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Despite the spectacular expansion of the public sector of the Chilean defense industry since the mid-1970s, the privately owned Cardoen Industries (Industrias Cardoen), owned by Carlos Cardoen Cornejo, was the most successful Chilean defense manufacturer in the export field. In less than eight years, this firm developed from a modest operation manufacturing demolition charges for the mining industry into a diversified industrial empire. In the early 1990s, it employed more than 800 persons in six separate factory complexes producing a variety of defense equipment, together with nondefense-related products, and had subsidiaries in Ecuador, Italy, Spain, and Greece. Under a 1989 agreement with the Guatemalan government, Cardoen Industries agreed to establish a plant for the manufacture of explosives, grenades, and mines in Guatemala.
In 1979 Cardoen Industries took over the project of rebuilding the Chilean Army's World War II-vintage M-3A1 half-track APCs, which Famae had commenced five years earlier but had been forced to drop for lack of funds. This venture resulted in the development of an entirely new vehicle, the BMS-1 Alacran, a number of which were acquired by the Chilean Army.
Building on the experience gained in the Alacran project, the Cardoen company commenced the assembly, under license, of the Swiss Mowag Piranha 6x6 APC in the early 1980s. In 1993 there were 180 of these in service with the Chilean Army as the Cardoen/Mowag Piranha. Several variants of this vehicle, including a mortar carrier and a fire-support version, with the turret-mounted 90mm Cockerill gun, were also developed.
Simultaneously with the Piranha project, Cardoen Industries also developed the VTP-1 Orca 6x6 APC/armored load carrier, the world's largest vehicle of its kind, capable of carrying sixteen men with their equipment. The Chilean Army eventually ordered 100 Orcas. Limited numbers of another tracked infantry vehicle, the VTP-2 4x4 Escarabajo light APC, were in service with the FACh for airfield defense. With Chinese collaboration, the company also produced a 6x6 all-terrain truck for both civilian and military purposes and a light two-seater hovercraft.
In keeping with its origins as a manufacturer of explosives, Cardoen produces three types of demolition charges and a series of detonators and Bangalore torpedoes, in addition to three types of hand grenades, two types of antipersonnel mines, and an antitank mine. The company also produces 70mm ballistic rockets, 300- kilogram fragmentation bombs, and three types of general-purpose aircraft bombs. Experiments with fuel-air bombs were reported to have been carried out at the corporation's testing area in the Atacama Desert.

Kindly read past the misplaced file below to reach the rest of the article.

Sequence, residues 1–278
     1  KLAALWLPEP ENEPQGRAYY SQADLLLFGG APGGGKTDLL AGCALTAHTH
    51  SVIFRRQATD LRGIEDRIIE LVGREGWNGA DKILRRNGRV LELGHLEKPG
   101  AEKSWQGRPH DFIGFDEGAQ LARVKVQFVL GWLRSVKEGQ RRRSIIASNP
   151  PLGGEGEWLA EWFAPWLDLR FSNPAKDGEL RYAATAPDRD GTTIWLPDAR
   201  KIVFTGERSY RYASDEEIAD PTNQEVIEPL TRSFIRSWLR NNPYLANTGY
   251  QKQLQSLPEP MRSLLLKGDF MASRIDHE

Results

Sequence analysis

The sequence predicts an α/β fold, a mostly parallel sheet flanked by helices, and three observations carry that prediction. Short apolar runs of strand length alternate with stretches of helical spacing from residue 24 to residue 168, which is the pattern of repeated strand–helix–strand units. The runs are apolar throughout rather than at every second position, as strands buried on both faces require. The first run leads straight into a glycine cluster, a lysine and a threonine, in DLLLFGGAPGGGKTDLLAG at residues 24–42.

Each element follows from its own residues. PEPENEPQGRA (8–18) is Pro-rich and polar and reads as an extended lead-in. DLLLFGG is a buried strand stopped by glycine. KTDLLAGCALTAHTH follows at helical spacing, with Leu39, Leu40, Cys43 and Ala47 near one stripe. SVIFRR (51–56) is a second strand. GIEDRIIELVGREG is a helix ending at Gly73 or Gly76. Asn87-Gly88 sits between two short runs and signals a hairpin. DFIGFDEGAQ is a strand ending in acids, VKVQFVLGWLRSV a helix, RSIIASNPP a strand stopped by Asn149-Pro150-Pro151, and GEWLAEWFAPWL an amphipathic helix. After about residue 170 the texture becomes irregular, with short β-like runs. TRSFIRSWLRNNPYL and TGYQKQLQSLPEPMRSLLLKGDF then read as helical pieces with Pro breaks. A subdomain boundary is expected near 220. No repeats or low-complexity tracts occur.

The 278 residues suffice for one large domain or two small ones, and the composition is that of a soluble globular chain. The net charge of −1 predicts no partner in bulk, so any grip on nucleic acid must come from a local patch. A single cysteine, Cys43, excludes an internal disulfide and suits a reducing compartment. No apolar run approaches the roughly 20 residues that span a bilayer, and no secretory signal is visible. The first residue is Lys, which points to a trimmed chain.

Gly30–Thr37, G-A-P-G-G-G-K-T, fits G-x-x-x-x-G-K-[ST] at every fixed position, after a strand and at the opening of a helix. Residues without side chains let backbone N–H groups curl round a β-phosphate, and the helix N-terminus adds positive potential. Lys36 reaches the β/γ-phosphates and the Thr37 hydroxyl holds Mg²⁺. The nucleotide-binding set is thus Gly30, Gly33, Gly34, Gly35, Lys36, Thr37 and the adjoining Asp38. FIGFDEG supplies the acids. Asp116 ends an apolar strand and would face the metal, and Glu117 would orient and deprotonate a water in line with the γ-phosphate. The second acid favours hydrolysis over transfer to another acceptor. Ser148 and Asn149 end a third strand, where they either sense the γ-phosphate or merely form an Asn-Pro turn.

The most successful of all Cardoen products, however, and one used extensively by Iraq against coalition forces in the Persian Gulf War of January-February 1991, is the patented Cardoen cluster bomb, a 227-kilogram bomb whose 240 "bomblets" create a lethal zone of up to 50,000 square meters. The company reportedly sold more than US$200 million worth of cluster bombs to Iraq between 1984 and 1988 and was described in early 1991 as the world's leading producer of this type of bomb.
Cardoen Industries has also developed a low-cost combat helicopter, based on the Bell 206. A demilitarized version of this gained a United States Federal Aviation Administration license in 1990. Nevertheless, in 1992 the prototype remained impounded in the United States on the grounds of the company's known involvement with Iraq, and Cardoen's contract to service Bell helicopters was revoked.
In early 1992, Cardoen Industries and its various subsidiaries were finding the previously close association with Iraq, particularly the illegal export of zirconium for use in armorpiercing cluster bombs, highly embarrassing in the wake of the 1991 Persian Gulf War. Consequently, the company was assiduously emphasizing its nonmilitary activities at the expense of the defense sector, on which the prosperity of Cardoen Industries had been built. Following a two-year investigation of Carlos Cardoen, United States officials brought civil charges against him and moved to confiscate Cardoen-owned properties in Florida valued at more than US$30 million. These problems prompted Cardoen Industries to change its name to Metalnor.
Data as of March 1994
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